Browns’ defense still among few bright spots after a loss

Posted by Vic Carucci on November 1, 2011 – 8:05 pm

 

By Vic Carucci, Senior Editor

The Browns might have their issues with scoring, but at least their defense does a fairly decent job of keeping the opposition out of the end zone.

They gave up two touchdowns in Sunday’s 20-10 loss to the 49ers. Yet they easily could have allowed more.

The Browns mounted an impressive goal-line stand early in the second quarter. And after the Niners had a fairly easy time building a 17-3 halftime lead and looked as if they were going to roll to a lopsided victory, the Browns’ defense held them to only a field goal in the second half.

With the fourth-ranked unit in the NFL before Sunday’s loss, the Browns are capable of at least keeping every game reasonably close and competitive, even when their offense experiences its typical hardships with getting into the end zone.

The Browns’ defensive talent is strong enough to hold up against most teams. There are legitimate Pro Bowl candidates in cornerback Joe Haden, safety T.J. Ward, linebacker D’Qwell Jackson, and tackles Phil Taylor and Ahtyba Rubin. Defensive coordinator Dick Jauron also deserves credit for being able to make necessary adjustments, as he did to help limit the Niners to only three second-half points.

That’s saying plenty when you consider that Cleveland’s defense was facing as strong a challenge as any it has seen to date. The 49ers have one of the NFL’s best running backs in Frank Gore, who ran for 134 yards and a touchdown and averaged 4.3 yards per carry. But Alex Smith, the Niners’ quarterback, did what he has been doing for the bulk of the season – managing the game, keeping his mistakes to a minimum, all while producing little in the way of big throws.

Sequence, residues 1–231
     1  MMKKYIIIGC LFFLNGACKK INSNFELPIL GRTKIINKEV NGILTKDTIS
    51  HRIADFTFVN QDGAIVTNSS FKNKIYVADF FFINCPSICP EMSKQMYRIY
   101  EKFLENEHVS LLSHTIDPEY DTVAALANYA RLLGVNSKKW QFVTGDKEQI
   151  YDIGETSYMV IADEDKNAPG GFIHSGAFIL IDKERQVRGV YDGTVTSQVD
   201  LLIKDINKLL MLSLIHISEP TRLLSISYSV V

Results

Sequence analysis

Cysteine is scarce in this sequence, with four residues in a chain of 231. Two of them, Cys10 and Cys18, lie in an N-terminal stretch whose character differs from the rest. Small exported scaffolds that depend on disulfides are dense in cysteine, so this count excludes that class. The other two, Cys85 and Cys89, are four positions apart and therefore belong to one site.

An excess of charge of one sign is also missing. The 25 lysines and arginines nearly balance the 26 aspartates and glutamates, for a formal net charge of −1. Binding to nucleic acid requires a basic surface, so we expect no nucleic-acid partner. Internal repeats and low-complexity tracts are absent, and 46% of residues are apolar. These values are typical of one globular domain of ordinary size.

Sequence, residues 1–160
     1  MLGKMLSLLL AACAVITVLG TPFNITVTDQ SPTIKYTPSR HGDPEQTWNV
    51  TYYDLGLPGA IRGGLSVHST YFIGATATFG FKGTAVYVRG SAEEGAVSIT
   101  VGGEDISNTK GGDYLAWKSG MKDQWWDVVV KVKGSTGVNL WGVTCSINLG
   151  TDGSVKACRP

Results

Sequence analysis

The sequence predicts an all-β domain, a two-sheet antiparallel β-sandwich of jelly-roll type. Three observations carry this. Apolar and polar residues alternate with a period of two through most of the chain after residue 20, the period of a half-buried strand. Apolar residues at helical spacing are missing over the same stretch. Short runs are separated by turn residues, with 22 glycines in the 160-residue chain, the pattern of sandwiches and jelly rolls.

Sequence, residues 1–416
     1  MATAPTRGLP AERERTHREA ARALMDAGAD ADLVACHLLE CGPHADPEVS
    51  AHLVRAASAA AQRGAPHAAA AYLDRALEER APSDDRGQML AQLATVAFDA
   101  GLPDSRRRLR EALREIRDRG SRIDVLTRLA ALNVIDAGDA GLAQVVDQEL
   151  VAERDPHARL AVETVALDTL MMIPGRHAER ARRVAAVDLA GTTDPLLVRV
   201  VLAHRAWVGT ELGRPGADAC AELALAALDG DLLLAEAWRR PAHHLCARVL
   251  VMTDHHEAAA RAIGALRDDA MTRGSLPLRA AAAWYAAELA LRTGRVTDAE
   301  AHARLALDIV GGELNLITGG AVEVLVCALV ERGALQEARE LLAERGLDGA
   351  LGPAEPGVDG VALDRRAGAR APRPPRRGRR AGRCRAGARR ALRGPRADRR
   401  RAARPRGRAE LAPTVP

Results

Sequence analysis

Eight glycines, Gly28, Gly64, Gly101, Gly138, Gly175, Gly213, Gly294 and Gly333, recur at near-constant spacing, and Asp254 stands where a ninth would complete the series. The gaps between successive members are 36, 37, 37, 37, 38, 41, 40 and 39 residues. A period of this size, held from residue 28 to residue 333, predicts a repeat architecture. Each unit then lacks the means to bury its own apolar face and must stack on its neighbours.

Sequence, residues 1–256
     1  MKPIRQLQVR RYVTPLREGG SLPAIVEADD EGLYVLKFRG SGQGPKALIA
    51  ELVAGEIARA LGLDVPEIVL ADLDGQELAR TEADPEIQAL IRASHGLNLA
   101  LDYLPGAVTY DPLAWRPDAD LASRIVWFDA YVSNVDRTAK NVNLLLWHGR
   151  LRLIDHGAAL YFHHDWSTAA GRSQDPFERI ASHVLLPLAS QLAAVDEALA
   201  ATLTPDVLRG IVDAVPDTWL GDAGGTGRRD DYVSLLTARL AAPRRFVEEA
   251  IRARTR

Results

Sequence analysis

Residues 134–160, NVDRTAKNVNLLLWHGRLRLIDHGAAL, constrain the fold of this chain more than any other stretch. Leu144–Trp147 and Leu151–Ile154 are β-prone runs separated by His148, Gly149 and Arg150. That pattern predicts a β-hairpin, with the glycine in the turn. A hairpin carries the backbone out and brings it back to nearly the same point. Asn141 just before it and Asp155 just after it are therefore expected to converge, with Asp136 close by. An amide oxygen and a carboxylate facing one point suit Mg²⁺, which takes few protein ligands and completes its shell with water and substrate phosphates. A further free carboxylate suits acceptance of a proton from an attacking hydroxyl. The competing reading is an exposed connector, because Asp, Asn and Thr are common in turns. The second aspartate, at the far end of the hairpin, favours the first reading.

It was largely for that reason the Browns were able to battle their way to the very end of the game – that they were able to make things at least slightly interesting in the final couple of minutes.

Not that this approach can be counted on to serve as any sort of formula for success.

The Browns need to play better at the beginning of games, especially on offense. They need to do a far better job of helping their defense by putting together sustained drives that give the unit a chance to rest and refresh.

As long as the Browns’ defense is required to try and pick up the considerable slack created by the offense, while also dealing with keeping the opponent in check, it is unlikely to be able to make enough of a difference to allow the team to win consistently.

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